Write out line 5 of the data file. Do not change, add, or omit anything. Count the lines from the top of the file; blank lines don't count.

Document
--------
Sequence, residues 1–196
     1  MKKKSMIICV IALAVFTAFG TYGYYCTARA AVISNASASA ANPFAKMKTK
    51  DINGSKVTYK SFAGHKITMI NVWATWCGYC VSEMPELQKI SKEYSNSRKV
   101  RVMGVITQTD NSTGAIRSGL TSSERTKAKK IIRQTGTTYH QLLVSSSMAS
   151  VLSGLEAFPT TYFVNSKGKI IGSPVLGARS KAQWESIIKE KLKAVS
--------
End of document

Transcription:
   151  VLSGLEAFPT TYFVNSKGKI IGSPVLGARS KAQWESIIKE KLKAVS